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Robert Smalls 1839-1915

Captain of the Planter, U.S. Congressman, Businessman
and Collector of the Port of Beaufort

Robert Smalls was born in Beaufort in 1839, his mother Lydia Polite was a house slave for the Henry McKee family.  In 1851, when Robert was 12 years old, the family moved to Charleston.  He was hired to work on the waterfront first as day laborer and eventually as a sailor.  In 1856 he married Hannah Jones, also a slave, who worked at the Planters Hotel as a maid.

At the outbreak of the Civil War, Mr. Smalls was working as a deckhand on the Confederate supply ship the Planter, a converted cotton steamer used to carry supplies between forts in Charleston Harbor. In the predawn hours of May 13, 1862, with the white officers and crew in Charleston, Smalls along with a crew of eight men, five women, and three children (including Smalls’ wife Hannah and two children), quietly slipped the Planter out of Charleston Harbor. Smalls successfully navigated the ship through several Confederate checkpoints into open waters and the Union blockade.

A Courageous Escape

Lincoln’s decision to authorize free African Americans to serve in the Union military. Smalls used part of the $1500 cash prize Congress bestowed on him to purchase the house now known as the McKee-Smalls House at a tax sale in 1863. During the remaining war years, Smalls served as a Union Navy captain on the Planter and the ironclad USS Keokuk, conducting 17 missions in and around Charleston.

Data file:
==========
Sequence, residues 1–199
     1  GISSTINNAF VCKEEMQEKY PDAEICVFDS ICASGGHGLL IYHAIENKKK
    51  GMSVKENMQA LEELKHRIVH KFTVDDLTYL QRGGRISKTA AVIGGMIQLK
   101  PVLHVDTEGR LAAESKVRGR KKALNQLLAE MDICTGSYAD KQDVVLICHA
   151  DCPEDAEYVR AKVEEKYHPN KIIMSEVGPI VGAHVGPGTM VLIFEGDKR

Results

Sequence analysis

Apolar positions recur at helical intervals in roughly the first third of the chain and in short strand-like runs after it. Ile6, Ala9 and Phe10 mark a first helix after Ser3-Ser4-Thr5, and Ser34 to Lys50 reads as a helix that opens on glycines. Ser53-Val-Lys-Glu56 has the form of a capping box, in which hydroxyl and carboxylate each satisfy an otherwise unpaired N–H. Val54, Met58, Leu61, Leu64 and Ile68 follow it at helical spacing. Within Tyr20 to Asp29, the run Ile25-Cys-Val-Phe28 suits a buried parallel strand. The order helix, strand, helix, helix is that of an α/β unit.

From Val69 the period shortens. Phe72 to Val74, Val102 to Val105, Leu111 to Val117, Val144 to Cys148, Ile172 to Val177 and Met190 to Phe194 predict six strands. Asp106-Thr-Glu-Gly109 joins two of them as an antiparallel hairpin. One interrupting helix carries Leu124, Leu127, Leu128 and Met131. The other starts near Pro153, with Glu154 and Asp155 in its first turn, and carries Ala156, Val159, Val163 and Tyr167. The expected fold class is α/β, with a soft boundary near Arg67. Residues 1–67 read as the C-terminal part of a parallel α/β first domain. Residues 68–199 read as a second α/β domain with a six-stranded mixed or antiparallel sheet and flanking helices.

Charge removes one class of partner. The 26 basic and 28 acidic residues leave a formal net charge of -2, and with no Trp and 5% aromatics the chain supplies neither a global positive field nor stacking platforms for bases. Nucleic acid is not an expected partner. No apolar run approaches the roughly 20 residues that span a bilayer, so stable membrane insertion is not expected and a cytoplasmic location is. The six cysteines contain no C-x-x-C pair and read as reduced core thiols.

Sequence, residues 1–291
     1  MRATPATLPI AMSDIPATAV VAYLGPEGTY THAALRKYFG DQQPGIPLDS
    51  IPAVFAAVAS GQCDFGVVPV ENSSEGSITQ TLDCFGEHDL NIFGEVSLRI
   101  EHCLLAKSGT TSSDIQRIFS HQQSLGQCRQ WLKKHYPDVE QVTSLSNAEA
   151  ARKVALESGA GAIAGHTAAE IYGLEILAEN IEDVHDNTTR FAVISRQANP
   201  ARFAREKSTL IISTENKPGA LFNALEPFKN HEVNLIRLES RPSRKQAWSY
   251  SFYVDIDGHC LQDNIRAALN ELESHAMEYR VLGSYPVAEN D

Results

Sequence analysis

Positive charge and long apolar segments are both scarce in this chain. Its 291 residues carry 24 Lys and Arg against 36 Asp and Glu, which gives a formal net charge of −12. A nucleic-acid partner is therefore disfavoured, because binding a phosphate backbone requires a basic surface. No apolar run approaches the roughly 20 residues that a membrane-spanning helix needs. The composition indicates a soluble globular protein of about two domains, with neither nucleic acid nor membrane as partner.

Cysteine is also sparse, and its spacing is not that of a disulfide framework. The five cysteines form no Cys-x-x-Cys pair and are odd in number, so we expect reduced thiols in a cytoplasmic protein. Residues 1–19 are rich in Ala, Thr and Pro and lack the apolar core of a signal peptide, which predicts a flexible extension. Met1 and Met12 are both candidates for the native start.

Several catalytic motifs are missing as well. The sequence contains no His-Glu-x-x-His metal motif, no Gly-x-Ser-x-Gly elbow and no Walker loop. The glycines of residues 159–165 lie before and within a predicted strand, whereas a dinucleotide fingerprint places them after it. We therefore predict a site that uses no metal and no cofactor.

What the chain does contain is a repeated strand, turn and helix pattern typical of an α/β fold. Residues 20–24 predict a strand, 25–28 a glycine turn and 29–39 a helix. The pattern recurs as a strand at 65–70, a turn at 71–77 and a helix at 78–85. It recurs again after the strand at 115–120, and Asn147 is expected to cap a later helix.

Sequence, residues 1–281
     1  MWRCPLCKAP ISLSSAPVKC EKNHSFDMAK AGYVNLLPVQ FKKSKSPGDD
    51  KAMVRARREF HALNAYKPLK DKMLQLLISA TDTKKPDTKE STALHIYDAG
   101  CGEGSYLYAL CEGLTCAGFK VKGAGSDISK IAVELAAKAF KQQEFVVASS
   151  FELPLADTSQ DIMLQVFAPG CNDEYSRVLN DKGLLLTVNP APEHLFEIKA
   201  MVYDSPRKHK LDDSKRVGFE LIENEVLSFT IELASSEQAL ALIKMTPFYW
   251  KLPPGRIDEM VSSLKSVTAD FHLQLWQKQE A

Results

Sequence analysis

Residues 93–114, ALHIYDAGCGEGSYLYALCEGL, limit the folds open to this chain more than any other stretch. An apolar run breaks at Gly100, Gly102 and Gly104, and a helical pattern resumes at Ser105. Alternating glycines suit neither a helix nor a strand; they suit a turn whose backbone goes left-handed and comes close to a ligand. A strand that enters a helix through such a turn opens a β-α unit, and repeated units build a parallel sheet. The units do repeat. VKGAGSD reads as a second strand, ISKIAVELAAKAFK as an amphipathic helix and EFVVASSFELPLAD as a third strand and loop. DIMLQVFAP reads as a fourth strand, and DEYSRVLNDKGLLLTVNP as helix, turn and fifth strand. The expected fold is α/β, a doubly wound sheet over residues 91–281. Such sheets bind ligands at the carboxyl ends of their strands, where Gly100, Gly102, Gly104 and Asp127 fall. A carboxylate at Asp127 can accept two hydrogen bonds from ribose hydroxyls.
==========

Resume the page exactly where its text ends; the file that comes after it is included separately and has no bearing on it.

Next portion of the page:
Following the war Smalls returned to Beaufort and served as a brigadier general in the South Carolina militia. Smalls impact in State and National politics was significant as he was elected to both the S.C. House and the state Senate and to the U. S. House of Representatives, serving from 1874-1879. His impact on Beaufort was significant as well starting a general store, a school for African American children, and a local newspaper and also owning several properties. From 1889 to 1911 Robert Smalls served as U.S. Customs Collector for the port of Beaufort.

McKee Family Home

In 1863, Smalls bought the McKee family’s former home at a Tax Sale of confiscated property. William DeTreville (who had bought the house in the 1850’s from the McKee’s) tried to claim the house after the War but the U.S. Supreme Court upheld the tax sale to Robert Smalls, who lived there until his death at age 75 in 1915.

The McKee-Smalls House at 511 Prince Street, built ca. 1810, was individually designated a National Historic Landmark in 1975.